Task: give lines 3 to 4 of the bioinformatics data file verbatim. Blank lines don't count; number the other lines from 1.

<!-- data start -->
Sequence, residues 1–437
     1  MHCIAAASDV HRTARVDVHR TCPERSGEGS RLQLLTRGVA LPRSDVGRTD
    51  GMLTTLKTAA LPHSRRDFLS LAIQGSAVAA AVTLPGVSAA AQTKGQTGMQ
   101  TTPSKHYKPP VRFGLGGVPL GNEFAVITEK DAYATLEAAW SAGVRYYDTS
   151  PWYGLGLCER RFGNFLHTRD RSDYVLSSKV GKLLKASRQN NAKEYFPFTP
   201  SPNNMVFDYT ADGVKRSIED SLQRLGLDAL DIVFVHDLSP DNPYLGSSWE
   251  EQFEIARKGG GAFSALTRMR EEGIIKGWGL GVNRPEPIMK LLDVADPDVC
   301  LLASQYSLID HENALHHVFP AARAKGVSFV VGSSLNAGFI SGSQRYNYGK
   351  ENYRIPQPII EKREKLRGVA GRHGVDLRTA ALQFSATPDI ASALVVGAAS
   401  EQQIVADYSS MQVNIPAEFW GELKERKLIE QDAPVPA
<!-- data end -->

    51  GMLTTLKTAA LPHSRRDFLS LAIQGSAVAA AVTLPGVSAA AQTKGQTGMQ
   101  TTPSKHYKPP VRFGLGGVPL GNEFAVITEK DAYATLEAAW SAGVRYYDTS